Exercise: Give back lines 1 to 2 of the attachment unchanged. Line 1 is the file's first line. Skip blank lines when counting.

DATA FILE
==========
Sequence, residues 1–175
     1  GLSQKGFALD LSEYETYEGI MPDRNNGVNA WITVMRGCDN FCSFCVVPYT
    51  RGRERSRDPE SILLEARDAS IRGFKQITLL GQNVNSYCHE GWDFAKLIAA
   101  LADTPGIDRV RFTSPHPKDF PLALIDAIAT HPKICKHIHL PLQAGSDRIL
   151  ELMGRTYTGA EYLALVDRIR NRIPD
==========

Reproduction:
Sequence, residues 1–175
     1  GLSQKGFALD LSEYETYEGI MPDRNNGVNA WITVMRGCDN FCSFCVVPYT